Medtronic has started enrolling patients in the Embrace TDD clinical study evaluating SynchroMed II intrathecal drug delivery system to treat chronic intractable non-malignant primary back pain, with or without leg pain.

The Medtronic pain pump and catheter will be implanted under the skin to deliver medication into the intrathecal space. This approach is expected to facilitate lower doses than systemically delivered drugs.

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The pain pump is meant to provide an alternative to oral opioids. It is claimed to offer effective pain relief at a fraction of the oral dose.

“The Medtronic pain pump and catheter will be implanted under the skin to deliver medication into the intrathecal space.”

Medtronic added that the device causes fewer side effects and has the potential to help decrease or avoid the use of oral opioids.

The prospective, multi-centre, post-market Embrace TDD study will recruit 100 patients who wean completely from all oral opioids before beginning intrathecal therapy.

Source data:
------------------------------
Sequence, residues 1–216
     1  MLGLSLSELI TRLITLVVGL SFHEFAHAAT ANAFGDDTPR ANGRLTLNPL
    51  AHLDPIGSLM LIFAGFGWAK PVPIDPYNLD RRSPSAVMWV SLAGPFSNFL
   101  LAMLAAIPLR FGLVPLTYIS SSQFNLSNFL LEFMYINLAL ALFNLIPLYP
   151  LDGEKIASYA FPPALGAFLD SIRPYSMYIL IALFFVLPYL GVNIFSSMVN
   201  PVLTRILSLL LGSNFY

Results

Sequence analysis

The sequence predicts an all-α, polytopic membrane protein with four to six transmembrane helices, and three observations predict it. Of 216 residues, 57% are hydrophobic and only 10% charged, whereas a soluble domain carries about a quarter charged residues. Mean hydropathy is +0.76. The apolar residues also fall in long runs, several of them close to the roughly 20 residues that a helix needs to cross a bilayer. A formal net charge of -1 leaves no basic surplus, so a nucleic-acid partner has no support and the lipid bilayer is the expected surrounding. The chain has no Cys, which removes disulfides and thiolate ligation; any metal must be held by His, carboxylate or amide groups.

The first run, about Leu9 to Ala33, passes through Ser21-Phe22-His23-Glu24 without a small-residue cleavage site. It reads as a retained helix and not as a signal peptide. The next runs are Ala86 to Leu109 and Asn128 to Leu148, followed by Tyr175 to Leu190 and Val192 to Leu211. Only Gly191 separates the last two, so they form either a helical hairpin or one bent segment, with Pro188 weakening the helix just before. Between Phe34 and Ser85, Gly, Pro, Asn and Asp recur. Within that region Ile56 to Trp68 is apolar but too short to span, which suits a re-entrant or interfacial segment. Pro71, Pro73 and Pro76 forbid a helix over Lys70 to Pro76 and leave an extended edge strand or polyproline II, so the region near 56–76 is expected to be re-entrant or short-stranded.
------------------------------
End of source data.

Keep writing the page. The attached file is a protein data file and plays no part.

To be conducted at up to 15 US sites, the study will monitor pain control and opioid-related side effects at six months after a change in route of administration to intrathecal preservative-free morphine sulfate.

Medtronic Pain Therapies Targeted Drug Delivery vice-president and general manager Charlie Covert said: “As part of our commitment to helping address the opioid crisis, Medtronic is investing in clinical research and tools that can increase understanding of how to use proven alternative treatments, like TDD, for patients with uncontrolled chronic pain.

“We hope the Embrace TDD study will provide valuable insights about how to best optimise use of the Medtronic pain pump and enable clinicians to help more patients with chronic pain, which has a significant personal and societal impact.”

Previous research found that oral opioid adjustment and elimination could improve pain relief and enable a lower intrathecal medication dose, compared to oral and intrathecal treatment combinations.

The new Embrace TDD study is intended to gain further insights into the impact that an opioid-free period before targeted drug delivery treatment may have on patient outcomes.